Kondor Dreidecker Single-Seat, Single-Engine Triplane Fighter Prototype
Excessive vibrations, even after an engine change, doomed the Kondor Dreidecker triplane fighter attempt of World War 1.
Entry last updated on 8/8/2017; Authored by Staff Writer; Content ©www.MilitaryFactory.com
Service Year: 1917
Type: Single-Seat, Single-Engine Triplane Fighter Prototype
National Origin: Imperial Germany
Manufacturer(s): Kondor Flugzeugwerke - German Empire
Total Units Built: 1
Kondor Flugzeugwerke of Essen, Germany (then the German Empire) was committed to building Albatros B.II and B.IIa series biplane fighters during World War 1 until, in mid-1917, the company benefitted from the arrival of designers Walther Rethel and Paul G. Ehrhardt who, previously, had served with competing LVG (Luft-Verkehrs-Gesellschaft). The first original aircraft put forth by the company then became the Kondor "Dreidecker", a triplane-winged single-seat, single-engine fighter.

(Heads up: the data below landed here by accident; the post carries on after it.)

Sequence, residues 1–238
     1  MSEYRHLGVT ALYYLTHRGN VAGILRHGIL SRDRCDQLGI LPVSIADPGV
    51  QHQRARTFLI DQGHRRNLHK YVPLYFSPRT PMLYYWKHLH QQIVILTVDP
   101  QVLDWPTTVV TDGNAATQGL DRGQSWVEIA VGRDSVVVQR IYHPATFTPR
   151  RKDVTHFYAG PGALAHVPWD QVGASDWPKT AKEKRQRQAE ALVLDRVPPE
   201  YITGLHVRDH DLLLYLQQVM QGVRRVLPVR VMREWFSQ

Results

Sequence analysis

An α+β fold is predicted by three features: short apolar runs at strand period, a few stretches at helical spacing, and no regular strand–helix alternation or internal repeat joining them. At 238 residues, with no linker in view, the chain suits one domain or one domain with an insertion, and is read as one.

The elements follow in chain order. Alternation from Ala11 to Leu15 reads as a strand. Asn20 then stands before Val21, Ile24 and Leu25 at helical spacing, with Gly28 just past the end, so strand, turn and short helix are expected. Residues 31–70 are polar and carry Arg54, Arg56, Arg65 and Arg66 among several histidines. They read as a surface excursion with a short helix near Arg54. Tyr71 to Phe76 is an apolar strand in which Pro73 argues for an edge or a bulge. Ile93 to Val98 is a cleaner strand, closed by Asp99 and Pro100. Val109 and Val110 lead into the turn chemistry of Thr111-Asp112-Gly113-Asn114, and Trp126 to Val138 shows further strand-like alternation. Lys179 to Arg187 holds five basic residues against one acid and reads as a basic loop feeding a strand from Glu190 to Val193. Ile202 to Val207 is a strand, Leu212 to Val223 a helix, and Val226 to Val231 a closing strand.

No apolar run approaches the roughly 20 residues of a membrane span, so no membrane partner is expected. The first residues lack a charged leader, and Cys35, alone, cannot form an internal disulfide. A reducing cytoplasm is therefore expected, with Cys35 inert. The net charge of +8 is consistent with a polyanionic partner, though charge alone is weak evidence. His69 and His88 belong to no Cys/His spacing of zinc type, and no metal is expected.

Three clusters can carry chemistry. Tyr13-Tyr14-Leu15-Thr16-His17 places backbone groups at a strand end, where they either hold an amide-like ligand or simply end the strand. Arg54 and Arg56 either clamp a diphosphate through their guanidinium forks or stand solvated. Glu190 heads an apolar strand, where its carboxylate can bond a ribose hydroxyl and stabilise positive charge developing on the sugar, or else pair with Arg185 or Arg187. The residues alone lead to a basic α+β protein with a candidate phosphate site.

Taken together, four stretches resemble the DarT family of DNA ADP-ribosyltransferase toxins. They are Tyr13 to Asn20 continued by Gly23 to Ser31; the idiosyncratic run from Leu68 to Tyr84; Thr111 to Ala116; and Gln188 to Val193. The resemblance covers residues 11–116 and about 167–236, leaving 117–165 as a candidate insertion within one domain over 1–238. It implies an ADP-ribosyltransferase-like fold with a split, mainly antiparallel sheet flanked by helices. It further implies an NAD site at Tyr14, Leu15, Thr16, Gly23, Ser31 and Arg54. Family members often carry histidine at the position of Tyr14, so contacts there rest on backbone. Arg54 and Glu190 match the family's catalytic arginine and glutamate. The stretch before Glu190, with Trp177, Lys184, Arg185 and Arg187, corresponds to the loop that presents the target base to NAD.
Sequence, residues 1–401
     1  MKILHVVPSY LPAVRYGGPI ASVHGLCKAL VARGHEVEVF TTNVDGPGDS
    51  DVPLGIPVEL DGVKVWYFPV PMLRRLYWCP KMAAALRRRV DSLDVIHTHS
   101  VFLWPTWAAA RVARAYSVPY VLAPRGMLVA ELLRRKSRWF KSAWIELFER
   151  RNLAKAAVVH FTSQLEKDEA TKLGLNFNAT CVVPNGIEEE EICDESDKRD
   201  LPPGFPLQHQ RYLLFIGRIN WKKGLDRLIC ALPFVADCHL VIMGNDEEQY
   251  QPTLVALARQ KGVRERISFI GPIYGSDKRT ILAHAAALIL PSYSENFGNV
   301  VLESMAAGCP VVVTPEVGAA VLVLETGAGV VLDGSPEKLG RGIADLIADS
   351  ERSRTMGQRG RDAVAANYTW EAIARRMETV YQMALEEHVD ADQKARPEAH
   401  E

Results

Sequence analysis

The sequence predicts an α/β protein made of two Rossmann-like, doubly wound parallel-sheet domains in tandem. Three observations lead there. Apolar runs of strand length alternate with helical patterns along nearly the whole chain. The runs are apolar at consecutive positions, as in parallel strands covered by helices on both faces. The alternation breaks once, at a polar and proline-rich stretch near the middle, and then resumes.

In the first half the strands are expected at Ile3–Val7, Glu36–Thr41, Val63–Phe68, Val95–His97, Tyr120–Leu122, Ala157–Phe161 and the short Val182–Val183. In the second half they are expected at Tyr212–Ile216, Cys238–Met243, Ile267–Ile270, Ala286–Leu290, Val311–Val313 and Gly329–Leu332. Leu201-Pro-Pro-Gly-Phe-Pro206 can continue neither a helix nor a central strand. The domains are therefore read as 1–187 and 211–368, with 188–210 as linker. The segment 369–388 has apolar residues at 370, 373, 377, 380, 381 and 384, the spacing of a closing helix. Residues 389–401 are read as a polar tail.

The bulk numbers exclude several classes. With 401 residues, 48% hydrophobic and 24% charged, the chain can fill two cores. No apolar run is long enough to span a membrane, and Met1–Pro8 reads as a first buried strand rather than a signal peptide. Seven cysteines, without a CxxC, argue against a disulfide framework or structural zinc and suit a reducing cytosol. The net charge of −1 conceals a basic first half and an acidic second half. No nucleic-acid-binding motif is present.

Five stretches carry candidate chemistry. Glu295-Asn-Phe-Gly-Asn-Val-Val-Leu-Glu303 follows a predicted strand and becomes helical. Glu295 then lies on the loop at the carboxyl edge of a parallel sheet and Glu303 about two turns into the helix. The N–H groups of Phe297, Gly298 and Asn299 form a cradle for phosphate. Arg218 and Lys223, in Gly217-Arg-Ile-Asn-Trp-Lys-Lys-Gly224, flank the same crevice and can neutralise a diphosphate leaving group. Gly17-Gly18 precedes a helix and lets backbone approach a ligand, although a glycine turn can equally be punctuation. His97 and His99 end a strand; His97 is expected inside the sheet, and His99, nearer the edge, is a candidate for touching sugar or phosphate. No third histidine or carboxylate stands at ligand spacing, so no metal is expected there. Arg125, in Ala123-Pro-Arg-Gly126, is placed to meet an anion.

In prototype form, this aircraft recorded a first-flight during October 1917. However, the design underperformed with its original engine (unknown make and model) and was re-engined with a Mercedes D.III 6-cylinder liquid-cooled powerplant of 160 horsepower output (this still driving a two-bladed propeller at the nose). In this form, the triplane did no better for excessive vibrations, unable to be overcome, ultimately doomed the project to the single prototype.
The Kondor D.1, a more conventionally-arranged biplane fighter design, was being developed at the same time but even this model appears to have fared no better.